These are our favorite picks to eat when it's hot outside.
July 31, 2009
1 of 7Randy Mayor
Watermelon and Cucumber Tonic
Gin and tonics are great, but they're a bit staid for an exuberant Fourth of July celebration. So, we added watermelon, lemon, cucumber, and mint to create this sweet, refreshing, and gorgeously pink cocktail. It'll be a hit at any outdoor party, and you can always leave out the gin for a virgin version.
Limoncello is an Italian liqueur that can be mixed in a refreshing spritzer, but it truly stands out in this sorbet when paired with aromatic mint and fresh blackberries. “We made this for a five course gourmet dinner,” explains Peggi. “We used it for an intermezzo instead of a dessert. All our guests raved. It certainly cleared their palate for the next course!”
Crab, Corn, and Tomato Salad with Lemon-Basil Dressing
This dish looks super-summery: It's just a heaping helping of fresh vegetables mixed with delectable crabmeat in a lovely light dressing. Show off your own garden by adding other fresh veggies like zucchini or green beans. If you don't like crab, try chopped chicken or canned tuna or salmon instead.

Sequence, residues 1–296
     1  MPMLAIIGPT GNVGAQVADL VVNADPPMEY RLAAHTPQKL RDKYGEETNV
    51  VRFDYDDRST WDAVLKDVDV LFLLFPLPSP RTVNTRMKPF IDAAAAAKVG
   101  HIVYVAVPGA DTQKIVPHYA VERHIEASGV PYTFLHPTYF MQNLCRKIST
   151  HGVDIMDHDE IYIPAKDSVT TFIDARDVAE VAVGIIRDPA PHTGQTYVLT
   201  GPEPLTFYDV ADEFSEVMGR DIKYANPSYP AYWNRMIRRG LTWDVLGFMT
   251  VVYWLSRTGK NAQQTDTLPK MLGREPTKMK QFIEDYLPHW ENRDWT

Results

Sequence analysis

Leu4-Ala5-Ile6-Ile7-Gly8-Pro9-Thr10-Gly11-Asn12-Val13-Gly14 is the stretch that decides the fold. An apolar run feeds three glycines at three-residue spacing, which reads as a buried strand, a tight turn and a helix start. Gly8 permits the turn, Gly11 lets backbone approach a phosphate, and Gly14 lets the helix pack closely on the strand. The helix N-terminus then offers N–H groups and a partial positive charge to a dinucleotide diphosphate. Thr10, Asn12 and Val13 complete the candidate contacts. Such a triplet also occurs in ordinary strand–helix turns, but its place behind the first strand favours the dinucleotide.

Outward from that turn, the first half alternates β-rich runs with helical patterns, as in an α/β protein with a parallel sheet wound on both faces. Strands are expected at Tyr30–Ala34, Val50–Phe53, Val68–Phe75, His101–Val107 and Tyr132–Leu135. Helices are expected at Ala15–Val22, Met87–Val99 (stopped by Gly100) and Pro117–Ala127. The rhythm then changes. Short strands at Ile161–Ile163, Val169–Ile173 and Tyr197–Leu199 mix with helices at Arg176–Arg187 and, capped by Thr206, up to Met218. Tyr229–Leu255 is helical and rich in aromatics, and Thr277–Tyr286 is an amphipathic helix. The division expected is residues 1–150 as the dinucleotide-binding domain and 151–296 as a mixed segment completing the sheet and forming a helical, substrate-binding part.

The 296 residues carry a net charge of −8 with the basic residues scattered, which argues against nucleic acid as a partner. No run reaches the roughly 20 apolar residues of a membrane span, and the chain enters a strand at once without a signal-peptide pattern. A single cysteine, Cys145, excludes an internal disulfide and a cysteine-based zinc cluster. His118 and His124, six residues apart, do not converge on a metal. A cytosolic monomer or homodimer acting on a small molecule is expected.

Summer is the best time of year for fruit salads; fruit is sweeter and fresher when it's in season. All this dish needs is a little mint and lime to highlight the natural freshness of grapes and stone fruits. It makes an excellent side for nearly every main dish in this gallery, and you can always add whatever other fruits look best at the market, from watermelon to raspberries.
“Yum...This is really good. I was surprised at how authentic a margarita flavor it had―expected it to be far more fruity,” says chelliel. For a festive impromptu fiesta, pair this cocktail with Three-Pepper Salsa and crisp tortilla chips.
This Southern staple is hard to resist when a tantalizing batch requires only five ingredients. CL Fan writes, “This recipe is fantastic, very easy and full of peach flavor. It's simple but not too sweet like commercial ice cream. Would recommend this to anyone who loves a taste of summer.”
Purple basil's mildly spicy flavors―think clove, licorice, mint, and cinnamon―adds a layer of complexity to this super-easy lemonade. For best results, crush the basil with sugar in a mortar and pestle to release its fragrant oils. Or, if you don't have a set, process the basil, sugar, and about 1/4 cup of the water in a food processor or blender.